Pam Martens on David Bird (Missing) and his Writing
Here's an interesting article by Pam Martens about a missing David Bird, a WSJ reporter covering energy, and the US oil market he has been writing about. While there is no evidence yet suggesting a connection between his work and his disappearance, NBC reported that “the family believes that his coverage of OPEC may be related to his disappearance.”
Martens wonders about his continual reporting on an imbalance in oil supply in the US market caused by overproduction of shale oil in the face of slacking demand.
David Bird, Wall Street Journal Reporter, Goes Missing After Reporting for Three Months on Oil Glut in U.S.
By Pam Martens: January 20, 2014
David Bird, a reporter who covers energy markets for the Wall Street Journal, has been missing for nine days. Bird, who has worked for the parent of the Wall Street Journal, Dow Jones, for more than 20 years, left his Long Hill, New Jersey home on the afternoon of Saturday, January 11, telling his wife he was going for a walk. Despite a continuous search by hundreds of volunteers and law enforcement officials, Bird has not been located.
Bird is 55 years old, approximately 6’1, and was last seen wearing a red jacket with yellow zippers according to officials. He and his wife, Nancy, have two children, ages 12 and 15. Anyone with information is asked to contact the Long Hill Police at (908) 647-1800.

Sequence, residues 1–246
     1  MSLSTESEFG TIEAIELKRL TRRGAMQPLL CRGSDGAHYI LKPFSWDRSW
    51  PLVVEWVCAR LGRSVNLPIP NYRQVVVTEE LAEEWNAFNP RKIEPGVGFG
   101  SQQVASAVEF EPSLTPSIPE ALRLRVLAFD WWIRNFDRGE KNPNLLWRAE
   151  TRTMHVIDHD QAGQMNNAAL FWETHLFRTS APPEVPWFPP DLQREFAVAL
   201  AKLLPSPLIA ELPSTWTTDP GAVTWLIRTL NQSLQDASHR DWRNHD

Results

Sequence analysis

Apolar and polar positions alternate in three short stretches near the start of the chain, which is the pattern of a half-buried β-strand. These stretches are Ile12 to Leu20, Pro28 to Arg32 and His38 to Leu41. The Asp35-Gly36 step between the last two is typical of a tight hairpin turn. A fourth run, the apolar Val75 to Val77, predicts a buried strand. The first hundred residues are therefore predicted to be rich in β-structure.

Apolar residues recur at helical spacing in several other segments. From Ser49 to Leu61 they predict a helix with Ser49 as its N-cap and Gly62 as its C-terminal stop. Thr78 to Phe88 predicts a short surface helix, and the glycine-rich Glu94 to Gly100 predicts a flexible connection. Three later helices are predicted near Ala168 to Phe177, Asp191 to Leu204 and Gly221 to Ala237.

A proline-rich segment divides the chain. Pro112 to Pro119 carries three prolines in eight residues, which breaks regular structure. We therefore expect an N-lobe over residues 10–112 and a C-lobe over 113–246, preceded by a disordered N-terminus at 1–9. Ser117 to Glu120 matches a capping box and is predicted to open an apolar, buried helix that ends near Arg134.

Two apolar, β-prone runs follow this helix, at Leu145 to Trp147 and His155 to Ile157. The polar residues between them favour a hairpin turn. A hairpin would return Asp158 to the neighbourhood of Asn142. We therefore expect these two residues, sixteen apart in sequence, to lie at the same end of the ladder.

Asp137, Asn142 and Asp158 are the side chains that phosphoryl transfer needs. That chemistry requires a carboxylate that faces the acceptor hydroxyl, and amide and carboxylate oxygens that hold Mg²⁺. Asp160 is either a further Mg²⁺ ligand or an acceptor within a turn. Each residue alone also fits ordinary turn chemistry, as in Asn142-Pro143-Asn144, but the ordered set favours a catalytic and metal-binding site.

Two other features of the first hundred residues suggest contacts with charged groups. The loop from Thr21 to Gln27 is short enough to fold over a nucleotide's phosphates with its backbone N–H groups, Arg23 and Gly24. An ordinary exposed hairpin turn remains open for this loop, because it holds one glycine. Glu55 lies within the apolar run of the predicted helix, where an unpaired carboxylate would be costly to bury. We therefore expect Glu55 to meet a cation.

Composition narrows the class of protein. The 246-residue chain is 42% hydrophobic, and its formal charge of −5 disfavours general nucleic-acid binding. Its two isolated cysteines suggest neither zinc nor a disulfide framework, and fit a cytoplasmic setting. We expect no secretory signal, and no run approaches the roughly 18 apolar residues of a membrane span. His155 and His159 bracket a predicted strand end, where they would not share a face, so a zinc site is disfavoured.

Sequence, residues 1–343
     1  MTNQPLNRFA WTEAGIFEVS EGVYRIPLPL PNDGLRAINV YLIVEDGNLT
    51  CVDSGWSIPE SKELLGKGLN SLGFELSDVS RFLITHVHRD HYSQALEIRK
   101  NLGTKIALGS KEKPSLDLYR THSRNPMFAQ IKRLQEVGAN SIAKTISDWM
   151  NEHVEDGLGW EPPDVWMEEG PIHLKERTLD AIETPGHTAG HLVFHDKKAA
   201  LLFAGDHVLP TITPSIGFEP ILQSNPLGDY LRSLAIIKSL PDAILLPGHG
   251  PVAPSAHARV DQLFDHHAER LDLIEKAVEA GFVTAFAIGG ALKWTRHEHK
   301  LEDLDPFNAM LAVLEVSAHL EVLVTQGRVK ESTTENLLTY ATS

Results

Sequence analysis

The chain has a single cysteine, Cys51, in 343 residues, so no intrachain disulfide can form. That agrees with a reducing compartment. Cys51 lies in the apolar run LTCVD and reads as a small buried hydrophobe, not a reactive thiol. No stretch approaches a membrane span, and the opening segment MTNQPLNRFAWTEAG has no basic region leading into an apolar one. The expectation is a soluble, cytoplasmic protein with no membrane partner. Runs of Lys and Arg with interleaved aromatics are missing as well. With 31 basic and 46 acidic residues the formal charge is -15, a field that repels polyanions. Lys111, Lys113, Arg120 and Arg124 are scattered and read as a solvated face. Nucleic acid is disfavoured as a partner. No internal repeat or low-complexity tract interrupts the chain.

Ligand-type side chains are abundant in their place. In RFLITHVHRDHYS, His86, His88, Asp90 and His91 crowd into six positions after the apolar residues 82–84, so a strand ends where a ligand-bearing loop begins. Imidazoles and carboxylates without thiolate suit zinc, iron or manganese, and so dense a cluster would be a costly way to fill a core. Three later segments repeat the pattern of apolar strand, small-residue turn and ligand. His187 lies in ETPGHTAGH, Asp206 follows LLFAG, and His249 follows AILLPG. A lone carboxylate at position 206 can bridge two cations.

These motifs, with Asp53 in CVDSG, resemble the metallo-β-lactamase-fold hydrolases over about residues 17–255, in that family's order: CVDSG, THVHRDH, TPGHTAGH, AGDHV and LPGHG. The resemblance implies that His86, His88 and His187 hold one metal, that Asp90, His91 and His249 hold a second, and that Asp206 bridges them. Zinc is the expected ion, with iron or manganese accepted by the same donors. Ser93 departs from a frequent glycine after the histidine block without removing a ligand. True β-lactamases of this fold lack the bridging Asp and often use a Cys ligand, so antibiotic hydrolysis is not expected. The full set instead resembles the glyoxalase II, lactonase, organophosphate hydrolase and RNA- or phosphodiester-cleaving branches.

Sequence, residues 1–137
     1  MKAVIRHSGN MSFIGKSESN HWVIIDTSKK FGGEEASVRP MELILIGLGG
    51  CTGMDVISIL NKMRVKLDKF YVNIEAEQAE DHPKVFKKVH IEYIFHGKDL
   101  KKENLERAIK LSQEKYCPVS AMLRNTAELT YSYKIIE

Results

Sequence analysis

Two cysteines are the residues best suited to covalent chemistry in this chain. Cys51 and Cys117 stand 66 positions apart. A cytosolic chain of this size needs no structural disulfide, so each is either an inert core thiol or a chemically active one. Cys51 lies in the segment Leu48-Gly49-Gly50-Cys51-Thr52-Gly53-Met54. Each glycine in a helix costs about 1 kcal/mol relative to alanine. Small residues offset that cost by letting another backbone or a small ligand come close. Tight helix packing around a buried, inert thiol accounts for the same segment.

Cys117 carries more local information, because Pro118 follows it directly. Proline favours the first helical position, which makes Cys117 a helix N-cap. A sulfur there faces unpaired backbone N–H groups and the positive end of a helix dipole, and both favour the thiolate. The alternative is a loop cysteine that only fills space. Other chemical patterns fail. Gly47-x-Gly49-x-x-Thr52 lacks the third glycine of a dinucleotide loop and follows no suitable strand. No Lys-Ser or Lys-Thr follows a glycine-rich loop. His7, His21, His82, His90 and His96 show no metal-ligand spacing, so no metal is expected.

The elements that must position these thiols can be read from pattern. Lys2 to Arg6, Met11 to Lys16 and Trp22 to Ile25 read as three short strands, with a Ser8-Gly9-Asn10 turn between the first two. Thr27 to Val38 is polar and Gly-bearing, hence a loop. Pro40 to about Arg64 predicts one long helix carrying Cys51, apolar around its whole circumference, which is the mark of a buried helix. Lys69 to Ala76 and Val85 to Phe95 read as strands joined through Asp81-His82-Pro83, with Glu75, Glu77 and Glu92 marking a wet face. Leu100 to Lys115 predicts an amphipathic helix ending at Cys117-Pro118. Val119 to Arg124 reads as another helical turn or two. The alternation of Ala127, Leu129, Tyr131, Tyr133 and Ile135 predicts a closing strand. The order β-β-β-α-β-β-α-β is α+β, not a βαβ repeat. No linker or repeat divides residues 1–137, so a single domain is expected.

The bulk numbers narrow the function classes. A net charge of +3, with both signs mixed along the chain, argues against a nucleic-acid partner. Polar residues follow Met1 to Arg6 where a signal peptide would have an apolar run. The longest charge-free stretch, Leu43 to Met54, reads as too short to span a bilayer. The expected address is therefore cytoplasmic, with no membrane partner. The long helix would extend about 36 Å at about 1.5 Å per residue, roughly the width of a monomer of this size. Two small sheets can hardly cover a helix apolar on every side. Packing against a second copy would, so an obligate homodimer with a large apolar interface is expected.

According to a report in the Wall Street Journal, Bird is a liver-transplant recipient and is required to take medication twice a day. He did not take his medication with him when he left for the walk.
NBC reported that sources close to the family said one of his credit cards was used in Mexico last Wednesday. Other media outlets have been unable to confirm that report. In the same news story, NBC reported that “the family believes that his coverage of OPEC may be related to his disappearance.”
However, a careful review by Wall Street On Parade of the articles Bird has written for the Wall Street Journal since last October, shows that what he was regularly reporting on was a supply imbalance caused by overproduction of shale oil in the U.S. in the face of slacking demand.
On October 21, Bird wrote that “U.S. crude-oil futures Monday settled 1.6% lower, dropping to less than $100 a barrel for the first time since July on rising inventories and weak refiner demand. Prices dropped as the Energy Information Administration [EIA] reported U.S. crude-oil stocks rose for a fourth straight week, to the highest level since late June…The sluggish demand from refiners allows crude stocks to climb four-million barrels in the week ended Oct. 11, the EIA said in a report that was delayed from last week due to the government shutdown. That is the latest piece of a four-week build of 18.9 million barrels in stocks that has put pressure on prices, as refiners have lowered crude-oil processing runs by 1.26 million barrels a day since mid September…”
Read the whole article here.
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